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-   -   Living Underground (https://ecorenovator.org/forum/showthread.php?t=2620)

launboy 11-26-12 08:20 PM

Living Underground
 
Anyone ever thought about building a house 100% underground? I think it'd be an interesting proposition if you could get over the fact that you were actually living underground. The earth stays at a constant temperature, which would mean lower heating bills in the winter, and nearly non-existent cooling bills in the summer. Also, The whole top could be covered with earth and grass, adding to its green appeal. Humidity and ventilation could be a problem but a simple powered HRV type system, maybe using a hacked dehumidifier which would aid in humidity removal.

Adam

Ryland 11-27-12 10:24 PM

Your whole house ends up being a basement with all of the basement problems, like you said humidity is a big one and sure you can pull humidity out of the air but you still have it in your walls, floor and now ceiling!
Insulating with 2" or more of ridged foam will help this a great deal, but also a layer of 6Mil plastic over the foam is a good idea to help keep the foam dry.

The other problem is that you end up with no windows and any sky light you put in has the problem of being a sky light that is on the ground, where it will rot the quickest and is always at risk of being covered up by snow and blowing leaves.

I did work on one house that was a walk out basement with the upper level being nearly on level with the ground at that back side, the whole thing pointed south too, it still had R25 insulation in the earth berimed wall (R40 for the rest of the walls) and it seemed to work ok, if you don't insulate your underground walls then they act as a heat sink, a slow heat sink but still a heat sink, sitting next to a 50F degree wall will feel cold in the winter and you have the whole mass of the soil behind it pulling heat away from that wall, forever.

greif 11-29-12 09:40 PM

Too late, doomsday is only 3 weeks away. Ha ha

ecomodded 12-01-12 05:14 PM

People do it, the survivalist as well as those seeking its comfort.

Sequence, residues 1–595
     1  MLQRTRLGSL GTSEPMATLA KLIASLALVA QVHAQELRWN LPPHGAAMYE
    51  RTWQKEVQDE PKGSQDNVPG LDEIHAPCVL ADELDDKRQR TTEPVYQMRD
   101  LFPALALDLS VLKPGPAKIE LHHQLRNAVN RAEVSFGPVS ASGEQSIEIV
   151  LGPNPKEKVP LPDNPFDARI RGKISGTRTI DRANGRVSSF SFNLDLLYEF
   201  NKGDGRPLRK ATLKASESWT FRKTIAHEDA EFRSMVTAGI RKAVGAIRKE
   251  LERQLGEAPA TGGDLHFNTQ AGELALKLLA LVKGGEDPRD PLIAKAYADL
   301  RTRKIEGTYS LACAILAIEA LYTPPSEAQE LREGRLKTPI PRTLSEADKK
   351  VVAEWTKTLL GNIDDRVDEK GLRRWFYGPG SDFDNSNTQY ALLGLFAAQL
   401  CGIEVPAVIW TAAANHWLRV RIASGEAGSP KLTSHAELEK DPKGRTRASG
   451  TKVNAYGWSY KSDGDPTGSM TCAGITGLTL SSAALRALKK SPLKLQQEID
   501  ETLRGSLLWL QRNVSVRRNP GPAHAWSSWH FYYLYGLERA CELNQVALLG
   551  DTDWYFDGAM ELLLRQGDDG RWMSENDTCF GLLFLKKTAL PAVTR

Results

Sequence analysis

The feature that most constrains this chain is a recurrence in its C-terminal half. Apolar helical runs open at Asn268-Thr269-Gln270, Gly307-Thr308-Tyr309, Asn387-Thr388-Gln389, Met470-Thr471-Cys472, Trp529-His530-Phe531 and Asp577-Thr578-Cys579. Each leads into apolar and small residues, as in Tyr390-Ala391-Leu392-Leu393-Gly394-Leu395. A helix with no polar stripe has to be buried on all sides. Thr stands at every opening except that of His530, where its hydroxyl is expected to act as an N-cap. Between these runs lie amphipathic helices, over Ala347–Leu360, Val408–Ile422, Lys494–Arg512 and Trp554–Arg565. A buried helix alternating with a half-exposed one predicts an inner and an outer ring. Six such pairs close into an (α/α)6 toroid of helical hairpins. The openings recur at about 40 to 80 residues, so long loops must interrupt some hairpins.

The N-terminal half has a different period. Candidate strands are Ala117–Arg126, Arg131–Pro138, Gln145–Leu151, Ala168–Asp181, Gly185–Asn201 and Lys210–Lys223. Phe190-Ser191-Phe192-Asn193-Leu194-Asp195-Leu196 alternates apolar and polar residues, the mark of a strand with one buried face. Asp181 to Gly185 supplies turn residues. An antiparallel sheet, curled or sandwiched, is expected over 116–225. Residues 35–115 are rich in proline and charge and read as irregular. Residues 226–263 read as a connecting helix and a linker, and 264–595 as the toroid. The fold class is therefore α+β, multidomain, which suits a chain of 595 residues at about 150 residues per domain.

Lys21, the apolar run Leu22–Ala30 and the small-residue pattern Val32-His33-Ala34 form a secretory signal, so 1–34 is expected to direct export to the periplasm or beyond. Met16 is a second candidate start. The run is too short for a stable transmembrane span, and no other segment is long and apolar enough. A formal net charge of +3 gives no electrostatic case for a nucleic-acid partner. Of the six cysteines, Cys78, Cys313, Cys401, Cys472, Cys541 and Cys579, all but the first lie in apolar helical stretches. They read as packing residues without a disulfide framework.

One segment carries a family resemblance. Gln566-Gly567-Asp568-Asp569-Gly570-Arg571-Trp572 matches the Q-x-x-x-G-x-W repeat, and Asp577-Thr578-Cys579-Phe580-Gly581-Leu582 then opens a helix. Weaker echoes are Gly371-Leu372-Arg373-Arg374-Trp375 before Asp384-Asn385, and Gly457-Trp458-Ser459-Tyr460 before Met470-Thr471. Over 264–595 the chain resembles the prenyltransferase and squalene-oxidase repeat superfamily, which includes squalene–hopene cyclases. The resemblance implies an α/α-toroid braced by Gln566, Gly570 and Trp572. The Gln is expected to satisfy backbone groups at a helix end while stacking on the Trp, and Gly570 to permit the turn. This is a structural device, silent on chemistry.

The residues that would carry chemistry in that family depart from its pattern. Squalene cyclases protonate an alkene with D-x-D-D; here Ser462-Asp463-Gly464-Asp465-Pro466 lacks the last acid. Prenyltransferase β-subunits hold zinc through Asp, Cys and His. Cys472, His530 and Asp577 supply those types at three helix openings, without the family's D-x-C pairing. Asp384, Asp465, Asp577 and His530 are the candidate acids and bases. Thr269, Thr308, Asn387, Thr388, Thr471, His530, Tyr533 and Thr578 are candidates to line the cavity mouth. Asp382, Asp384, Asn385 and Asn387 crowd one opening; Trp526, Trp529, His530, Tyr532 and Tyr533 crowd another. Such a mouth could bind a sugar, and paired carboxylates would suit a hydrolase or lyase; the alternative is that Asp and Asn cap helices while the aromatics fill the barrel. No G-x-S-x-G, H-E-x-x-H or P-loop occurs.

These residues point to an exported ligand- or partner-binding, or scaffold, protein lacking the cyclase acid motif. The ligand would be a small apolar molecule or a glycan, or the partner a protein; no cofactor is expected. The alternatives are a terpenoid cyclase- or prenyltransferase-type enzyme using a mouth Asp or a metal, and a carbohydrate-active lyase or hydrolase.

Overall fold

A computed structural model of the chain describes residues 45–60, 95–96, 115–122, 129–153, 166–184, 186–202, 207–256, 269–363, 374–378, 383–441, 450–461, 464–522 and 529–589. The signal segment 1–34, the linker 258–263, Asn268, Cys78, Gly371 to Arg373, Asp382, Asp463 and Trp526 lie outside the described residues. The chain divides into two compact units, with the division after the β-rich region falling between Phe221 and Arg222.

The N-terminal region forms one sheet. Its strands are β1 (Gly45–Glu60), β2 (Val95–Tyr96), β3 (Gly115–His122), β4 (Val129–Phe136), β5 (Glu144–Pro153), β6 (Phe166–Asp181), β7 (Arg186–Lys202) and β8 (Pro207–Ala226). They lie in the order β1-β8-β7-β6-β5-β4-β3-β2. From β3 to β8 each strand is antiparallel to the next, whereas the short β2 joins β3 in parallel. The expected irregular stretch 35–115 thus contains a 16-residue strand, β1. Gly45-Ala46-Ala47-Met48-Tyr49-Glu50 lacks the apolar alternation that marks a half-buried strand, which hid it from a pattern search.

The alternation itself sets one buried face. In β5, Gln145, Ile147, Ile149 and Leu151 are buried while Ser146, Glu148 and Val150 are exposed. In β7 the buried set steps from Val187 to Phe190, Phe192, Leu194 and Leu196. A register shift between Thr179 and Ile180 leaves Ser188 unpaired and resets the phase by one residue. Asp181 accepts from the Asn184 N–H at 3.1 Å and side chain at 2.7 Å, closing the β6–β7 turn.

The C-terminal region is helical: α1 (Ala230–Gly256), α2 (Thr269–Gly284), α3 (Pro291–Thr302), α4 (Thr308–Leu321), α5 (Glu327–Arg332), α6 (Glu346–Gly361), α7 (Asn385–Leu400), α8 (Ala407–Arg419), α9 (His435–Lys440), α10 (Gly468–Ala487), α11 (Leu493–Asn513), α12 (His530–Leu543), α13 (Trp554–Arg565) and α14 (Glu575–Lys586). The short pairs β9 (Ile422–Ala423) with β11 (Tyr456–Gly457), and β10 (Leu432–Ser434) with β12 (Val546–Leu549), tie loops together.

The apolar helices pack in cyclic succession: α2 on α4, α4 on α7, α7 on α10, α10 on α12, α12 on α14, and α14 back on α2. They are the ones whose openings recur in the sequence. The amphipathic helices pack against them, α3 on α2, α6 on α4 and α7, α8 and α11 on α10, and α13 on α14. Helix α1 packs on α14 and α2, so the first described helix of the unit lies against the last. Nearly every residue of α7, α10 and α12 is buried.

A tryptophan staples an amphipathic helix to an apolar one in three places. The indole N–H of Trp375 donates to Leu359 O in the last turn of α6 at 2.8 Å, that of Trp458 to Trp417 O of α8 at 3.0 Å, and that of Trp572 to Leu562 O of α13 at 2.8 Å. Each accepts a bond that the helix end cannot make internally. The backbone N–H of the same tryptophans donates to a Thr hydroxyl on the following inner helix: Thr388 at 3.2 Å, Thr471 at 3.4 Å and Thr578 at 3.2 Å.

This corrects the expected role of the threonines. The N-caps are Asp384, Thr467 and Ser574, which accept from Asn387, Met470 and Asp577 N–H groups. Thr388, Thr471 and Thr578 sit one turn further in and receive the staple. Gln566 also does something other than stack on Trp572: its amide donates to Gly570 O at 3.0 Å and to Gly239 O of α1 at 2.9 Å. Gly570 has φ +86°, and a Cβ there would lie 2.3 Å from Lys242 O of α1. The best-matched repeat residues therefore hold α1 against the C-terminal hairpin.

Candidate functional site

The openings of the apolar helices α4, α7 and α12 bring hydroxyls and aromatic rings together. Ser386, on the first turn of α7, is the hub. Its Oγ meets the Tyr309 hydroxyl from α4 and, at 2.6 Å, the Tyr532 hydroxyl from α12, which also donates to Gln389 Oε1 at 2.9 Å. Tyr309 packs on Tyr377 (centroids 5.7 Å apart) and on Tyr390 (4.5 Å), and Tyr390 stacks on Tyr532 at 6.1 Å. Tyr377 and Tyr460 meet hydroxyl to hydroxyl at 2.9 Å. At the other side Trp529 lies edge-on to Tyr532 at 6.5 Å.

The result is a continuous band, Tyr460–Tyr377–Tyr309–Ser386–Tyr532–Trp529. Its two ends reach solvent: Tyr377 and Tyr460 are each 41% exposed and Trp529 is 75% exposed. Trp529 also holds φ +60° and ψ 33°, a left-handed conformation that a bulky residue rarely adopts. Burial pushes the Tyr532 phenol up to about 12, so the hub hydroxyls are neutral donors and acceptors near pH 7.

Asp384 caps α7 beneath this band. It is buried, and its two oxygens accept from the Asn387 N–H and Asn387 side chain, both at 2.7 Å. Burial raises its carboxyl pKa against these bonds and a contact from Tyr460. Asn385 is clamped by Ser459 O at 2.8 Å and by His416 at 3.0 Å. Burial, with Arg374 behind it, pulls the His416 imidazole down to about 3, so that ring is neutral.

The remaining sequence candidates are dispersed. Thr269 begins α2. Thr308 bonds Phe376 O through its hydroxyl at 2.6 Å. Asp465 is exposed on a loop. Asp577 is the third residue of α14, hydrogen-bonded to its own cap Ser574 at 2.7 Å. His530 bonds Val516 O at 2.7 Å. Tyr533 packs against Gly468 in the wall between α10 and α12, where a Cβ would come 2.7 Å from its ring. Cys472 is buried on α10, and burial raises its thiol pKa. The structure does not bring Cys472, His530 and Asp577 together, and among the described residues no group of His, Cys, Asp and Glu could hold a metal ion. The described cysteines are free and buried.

Dig out the land and build your structure with concrete then insulate with 10" of rigid foam.
Then cover it with a foundation water proof membrane and back fill it.

JRMichler 12-05-12 08:08 PM

Soil temperature in your area is about 45 deg F year around. If you want the house to be warmer than that, it needs insulation on top, around the walls, and underneath the floor. Minimum six inches foam, ten inches if you want energy efficiency.

Put the foam outside the concrete so the concrete is a thermal mass. Then all the concrete will be warm, including any exposed concrete around exterior doors.

Building codes require all bedrooms to have a second way to escape in case of fire. You cannot escape that requirement because, although concrete does not burn, the contents of the house do burn.

terryt 12-06-12 10:16 PM

Underground house
 
I have lived in an earth sheltered house for 30 years. Humidity has not been a problem I run a small dehumidifier in the spring until it gets warm enough to run ac unit. 1800 square feet using 2 1/2 ton unit should have went with 2 ton. The ac/ heat pump is a geothermal unit. Usually run ac unit about 4 weeks after above ground start theirs and heat about 6 weeks after above ground houses use theirs. House is extremely quiet very little outside noise. Live in okla so hail and tornadoes are a concern but not for me. Wouldn't consider living in any thing else.Using solar panels for hot water. Have our own well and septic system electric bills in winter run under $70.00 . Heat with wood stove which helps on electric bills. E bills in summer run 160.00 or less would be lower but have a big garden and lots of lawn.

AC_Hacker 12-07-12 11:06 AM

Quote:

Originally Posted by Ryland (Post 26091)
...if you don't insulate your underground walls then they act as a heat sink, a slow heat sink but still a heat sink, sitting next to a 50F degree wall will feel cold in the winter and you have the whole mass of the soil behind it pulling heat away from that wall, forever.

Forever is not as long as you might think...

The biggest issue is water migration through soil. If you live in the right area, and choose your your building site correctly and take care to prevent occasional ground water migration, then the earth can act as a storage unit.

With this plan, it takes about 3 years for the surrounding ground to come up to temperature...

Heat flow through dry earth is about 16 feet per 6 months. If you house has a water migration free zone around it of 20 feet or better, it will draw heat from the house during the warmest months and return the heat to the house during the coldest months.

The concept is called Passive Annual heat Storage (PAHS)

-AC

herlichka 12-08-12 08:50 AM

I've often daydreamed about an underground home, but the issues around building code compliance regarding emergency egress from sleeping areas have always stumped me. I realize it could be done with a very creative design, and a building inspector that can think outside the box, but it could be a long tedious process.

ownerbuilder2012 12-23-12 08:48 AM

Yes, I agree the building code compliance alone can be a great problem, of course aside from the ones already mentioned above such as humidity, and for me lack of natural light.


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